- The Washington Times - Tuesday, May 23, 2017

President Trump expressed condolences Tuesday for the victims of the terrorist attack in Manchester, England, calling on all nations to unite in a battle to “obliterate this evil ideology.”

“We must drive out the terrorists and the extremists from our midsts, obliterate this evil ideology and protect and defend our citizens and people of the world,” Mr. Trump said at the Israel Museum in Jerusalem. “All civilized nations must be united in this effort.

He said the horrific attack on a crowd of mostly children at an Ariana Grande concert, which killed 22 people and injured dozens more, underscored the urgent mission of his first trip abroad: Uniting Muslims, Jews and Christians to confront radical Islamic terrorism.

“This trip is focused on that goal, bringing nations together around the goal of defeating the terrorism that threatens the world and crushing the hateful ideology that drives it so hard and seems to be driving it so fast,” he said.

Mr. Trump also reaffirmed the U.S. alliance with Israel, a relationship strained during the Obama administration.

“I make this promise to you. My administration will always stand with Israel,” Mr. Trump said.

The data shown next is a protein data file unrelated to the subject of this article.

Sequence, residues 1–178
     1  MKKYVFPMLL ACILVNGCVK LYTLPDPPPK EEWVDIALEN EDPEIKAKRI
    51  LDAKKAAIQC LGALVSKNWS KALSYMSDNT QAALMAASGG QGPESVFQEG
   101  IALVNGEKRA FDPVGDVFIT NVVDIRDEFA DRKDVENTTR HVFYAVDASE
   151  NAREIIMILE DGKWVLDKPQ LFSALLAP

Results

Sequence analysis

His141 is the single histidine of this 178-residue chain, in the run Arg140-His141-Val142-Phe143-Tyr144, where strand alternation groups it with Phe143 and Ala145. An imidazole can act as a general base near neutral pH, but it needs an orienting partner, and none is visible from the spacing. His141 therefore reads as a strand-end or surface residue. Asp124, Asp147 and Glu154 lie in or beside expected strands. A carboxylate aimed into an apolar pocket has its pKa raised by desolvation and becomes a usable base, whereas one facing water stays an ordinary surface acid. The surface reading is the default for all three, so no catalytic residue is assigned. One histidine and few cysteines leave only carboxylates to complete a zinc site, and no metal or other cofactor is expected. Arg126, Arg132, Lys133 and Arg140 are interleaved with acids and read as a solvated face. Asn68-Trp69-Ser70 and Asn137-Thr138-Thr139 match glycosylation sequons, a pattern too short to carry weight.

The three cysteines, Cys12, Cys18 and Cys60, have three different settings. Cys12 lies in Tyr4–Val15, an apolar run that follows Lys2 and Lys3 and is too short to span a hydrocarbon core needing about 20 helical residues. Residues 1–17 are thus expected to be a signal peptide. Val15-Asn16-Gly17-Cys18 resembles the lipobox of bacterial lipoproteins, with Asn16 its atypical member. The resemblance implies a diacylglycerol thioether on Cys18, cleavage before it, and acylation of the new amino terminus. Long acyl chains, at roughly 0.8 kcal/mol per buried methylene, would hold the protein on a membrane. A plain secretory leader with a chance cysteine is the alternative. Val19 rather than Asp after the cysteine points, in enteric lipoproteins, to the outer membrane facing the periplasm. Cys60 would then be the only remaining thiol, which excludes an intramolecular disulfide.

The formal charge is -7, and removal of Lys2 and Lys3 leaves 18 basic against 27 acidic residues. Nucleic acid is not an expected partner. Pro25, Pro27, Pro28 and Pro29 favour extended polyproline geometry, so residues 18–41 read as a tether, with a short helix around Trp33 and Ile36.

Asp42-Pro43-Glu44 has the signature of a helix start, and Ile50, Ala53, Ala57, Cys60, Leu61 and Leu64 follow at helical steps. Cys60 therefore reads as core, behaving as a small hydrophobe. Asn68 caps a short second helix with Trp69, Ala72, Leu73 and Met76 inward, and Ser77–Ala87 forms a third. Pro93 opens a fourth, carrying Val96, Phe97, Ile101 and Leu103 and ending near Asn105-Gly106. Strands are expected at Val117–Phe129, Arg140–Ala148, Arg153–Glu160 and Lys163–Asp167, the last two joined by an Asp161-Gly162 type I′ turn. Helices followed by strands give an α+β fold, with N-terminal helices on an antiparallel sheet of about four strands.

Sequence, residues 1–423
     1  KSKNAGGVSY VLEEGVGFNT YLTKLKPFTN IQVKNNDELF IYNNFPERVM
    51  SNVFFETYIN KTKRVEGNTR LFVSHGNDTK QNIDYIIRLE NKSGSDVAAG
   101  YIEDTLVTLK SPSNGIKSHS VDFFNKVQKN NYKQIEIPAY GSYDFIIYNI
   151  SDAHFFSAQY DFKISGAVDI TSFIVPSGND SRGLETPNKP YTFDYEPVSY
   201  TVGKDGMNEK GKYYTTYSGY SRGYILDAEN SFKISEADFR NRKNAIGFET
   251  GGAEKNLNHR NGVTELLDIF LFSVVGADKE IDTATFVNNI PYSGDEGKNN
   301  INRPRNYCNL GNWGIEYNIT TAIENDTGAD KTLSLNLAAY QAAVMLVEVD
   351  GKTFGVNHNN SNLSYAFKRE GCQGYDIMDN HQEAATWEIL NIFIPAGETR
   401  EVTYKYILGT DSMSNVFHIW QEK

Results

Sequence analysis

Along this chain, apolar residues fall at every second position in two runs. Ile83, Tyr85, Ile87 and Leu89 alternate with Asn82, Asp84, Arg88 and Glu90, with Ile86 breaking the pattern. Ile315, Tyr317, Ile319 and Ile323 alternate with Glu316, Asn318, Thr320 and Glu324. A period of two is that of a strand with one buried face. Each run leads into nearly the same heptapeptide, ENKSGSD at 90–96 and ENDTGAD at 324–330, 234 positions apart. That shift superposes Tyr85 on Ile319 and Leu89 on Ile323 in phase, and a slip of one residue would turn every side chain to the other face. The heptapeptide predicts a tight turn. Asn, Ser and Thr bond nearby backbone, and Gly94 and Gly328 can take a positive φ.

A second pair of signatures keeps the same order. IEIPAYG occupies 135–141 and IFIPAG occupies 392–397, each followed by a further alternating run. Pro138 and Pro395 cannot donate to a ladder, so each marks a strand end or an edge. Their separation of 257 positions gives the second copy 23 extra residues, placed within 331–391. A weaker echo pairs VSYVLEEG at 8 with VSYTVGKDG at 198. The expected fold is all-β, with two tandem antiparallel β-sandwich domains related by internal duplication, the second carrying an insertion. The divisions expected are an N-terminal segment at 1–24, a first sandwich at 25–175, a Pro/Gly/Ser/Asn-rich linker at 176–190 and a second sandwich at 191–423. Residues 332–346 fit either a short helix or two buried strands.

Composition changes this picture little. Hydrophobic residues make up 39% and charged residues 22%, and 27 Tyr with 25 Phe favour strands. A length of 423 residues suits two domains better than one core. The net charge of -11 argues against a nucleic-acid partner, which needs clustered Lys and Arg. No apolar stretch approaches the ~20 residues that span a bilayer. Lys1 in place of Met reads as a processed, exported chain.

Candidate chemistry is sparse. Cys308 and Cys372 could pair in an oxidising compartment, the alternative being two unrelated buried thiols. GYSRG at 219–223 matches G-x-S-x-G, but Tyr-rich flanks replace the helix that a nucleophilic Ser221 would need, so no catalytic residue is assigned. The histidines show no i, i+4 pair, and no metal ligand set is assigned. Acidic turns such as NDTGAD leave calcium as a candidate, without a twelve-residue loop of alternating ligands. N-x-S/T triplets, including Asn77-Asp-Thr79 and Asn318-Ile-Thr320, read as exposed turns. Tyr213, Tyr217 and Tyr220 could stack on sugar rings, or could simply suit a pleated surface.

The president has used his first trip aboard to prod countries across the Middle East and Europe to step up the fight against Islamic terrorism.

He began the journey in Saudi Arabia, telling a gathering of 50 leaders form Muslim countries that they must root out extremism within their countries.

Mr. Trump then spent two days in Israel, including meeting earlier Tuesday with Palestinian President Mahmoud Abbas.

Later, Mr. Trump will travel to Rome for an audience with Pope Francis at the Vatican.

At the museum, Israeli Prime Minister Benjamin Netanyahu thanked Mr. Trump for his “steadfast friendships to the Jewish people and the Jewish state.”

He seconded Mr. Trump’s pledge that “ultimately freedom will defeat terror.”

Mr. Netanyahu said he was heartened to hear Mr. Abbas condemn the attack in Manchester.

However, he noted that if the suicide bomber were Palestinian and the young victims Israelis, the reaction of Palestinian leaders would have been different.

“The suicide bomber’s family would have revived a stipend form the Palestinian authority. That’s Palestinian law. That law has to be changed,” Mr. Netanyahu said.

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